Skand Ranjan Tayal, Ambassador of India to Korea:
“Though India is the birthplace of Buddhism, its Buddhist religion has lost many of its pure aspects as it combined with Hinduism. But I found it again in Korea. This was a good time to experience many Buddhist practices.”
French monthly magazine GEO:
“Temple stay temples are isolated from the noise and crowd of the cities, and they are so beautiful that they remind of paradise.”

Temple Stay Effects

Healing:
A temple stay is a time for healing. The practice of 108 prostrations, the simplest training for body and mind, is known to relieve tension and anxiety, thereby enhancing immunity, concentration and blood circulation. The execution of such monastic activities, coupled with the interaction with surrounding nature, ultimately leads to the recovery of body and mind, hence the healing effect. Anyone, regardless of religion, is invited to the join the program. The number of non-Buddhist participants is increasing every year.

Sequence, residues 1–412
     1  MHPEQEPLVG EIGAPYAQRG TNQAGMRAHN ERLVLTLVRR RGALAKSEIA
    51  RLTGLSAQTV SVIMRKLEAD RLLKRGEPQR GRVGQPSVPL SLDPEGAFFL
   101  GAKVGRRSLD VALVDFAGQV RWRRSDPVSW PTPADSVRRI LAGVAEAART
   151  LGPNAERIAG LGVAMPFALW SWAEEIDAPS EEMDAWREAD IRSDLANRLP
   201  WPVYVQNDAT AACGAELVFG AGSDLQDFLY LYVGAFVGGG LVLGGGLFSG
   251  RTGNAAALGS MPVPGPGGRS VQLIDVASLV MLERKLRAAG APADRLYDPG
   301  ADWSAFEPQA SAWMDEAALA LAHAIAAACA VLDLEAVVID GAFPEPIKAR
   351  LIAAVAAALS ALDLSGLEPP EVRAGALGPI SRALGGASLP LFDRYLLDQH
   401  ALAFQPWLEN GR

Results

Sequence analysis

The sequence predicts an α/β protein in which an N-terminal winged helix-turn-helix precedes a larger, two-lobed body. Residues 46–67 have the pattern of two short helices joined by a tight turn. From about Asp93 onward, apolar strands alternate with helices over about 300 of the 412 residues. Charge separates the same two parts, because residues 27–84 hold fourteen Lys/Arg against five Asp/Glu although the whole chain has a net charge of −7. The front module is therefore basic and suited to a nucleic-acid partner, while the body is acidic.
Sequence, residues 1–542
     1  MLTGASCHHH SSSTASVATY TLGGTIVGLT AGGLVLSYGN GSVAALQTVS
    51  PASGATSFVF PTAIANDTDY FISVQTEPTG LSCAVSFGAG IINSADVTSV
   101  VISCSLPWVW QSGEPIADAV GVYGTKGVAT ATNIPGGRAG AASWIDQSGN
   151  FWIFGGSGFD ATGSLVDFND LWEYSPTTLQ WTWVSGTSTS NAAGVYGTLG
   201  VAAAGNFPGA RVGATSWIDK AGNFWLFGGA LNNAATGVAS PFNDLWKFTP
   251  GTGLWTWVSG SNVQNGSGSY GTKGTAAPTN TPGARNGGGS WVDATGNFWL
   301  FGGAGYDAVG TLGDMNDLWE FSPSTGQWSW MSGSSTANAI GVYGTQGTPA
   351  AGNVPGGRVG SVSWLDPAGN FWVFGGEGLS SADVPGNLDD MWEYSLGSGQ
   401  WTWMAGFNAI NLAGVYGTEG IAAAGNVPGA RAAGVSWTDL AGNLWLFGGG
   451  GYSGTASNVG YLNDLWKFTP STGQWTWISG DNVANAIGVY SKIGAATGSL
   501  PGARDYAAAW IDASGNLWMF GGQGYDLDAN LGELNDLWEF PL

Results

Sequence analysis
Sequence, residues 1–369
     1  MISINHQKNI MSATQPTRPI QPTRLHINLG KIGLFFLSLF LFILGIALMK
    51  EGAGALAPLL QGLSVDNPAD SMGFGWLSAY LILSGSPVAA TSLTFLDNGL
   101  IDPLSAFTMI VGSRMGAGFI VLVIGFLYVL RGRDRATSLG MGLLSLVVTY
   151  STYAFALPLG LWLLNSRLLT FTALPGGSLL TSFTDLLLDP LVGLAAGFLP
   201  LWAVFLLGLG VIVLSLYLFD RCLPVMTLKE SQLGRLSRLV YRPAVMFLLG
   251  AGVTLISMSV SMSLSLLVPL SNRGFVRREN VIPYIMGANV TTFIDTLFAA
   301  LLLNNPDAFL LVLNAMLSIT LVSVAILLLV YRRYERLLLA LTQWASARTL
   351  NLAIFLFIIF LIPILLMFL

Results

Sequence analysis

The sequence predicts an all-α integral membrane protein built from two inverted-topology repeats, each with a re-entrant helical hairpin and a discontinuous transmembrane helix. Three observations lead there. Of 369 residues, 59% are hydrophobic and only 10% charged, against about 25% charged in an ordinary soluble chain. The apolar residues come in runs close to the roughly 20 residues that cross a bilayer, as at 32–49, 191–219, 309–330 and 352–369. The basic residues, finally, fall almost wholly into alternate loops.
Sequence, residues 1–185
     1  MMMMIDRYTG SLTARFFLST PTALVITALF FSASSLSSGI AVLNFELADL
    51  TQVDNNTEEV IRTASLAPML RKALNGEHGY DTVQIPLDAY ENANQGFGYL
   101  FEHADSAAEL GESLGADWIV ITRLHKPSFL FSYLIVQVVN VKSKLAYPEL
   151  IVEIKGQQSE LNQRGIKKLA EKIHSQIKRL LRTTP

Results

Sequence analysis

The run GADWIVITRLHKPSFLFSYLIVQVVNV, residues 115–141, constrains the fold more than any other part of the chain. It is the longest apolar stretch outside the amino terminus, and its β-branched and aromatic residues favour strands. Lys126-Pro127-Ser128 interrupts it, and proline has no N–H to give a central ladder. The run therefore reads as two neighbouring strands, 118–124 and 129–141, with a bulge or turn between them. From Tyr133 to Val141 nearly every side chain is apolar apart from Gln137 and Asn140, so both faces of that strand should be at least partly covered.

Spiritual growth:
Temple stay activities like seon meditation, self evaluation and the “death experience” (role play) help participants to reflect upon themselves.
Natural healing: One of the biggest draws of a temple stay is an opportunity to meditate the body and mind in a natural environment, separated from the hustle and bustle of city life. Experiencing nature with all five senses can help participants arrive at inner peace.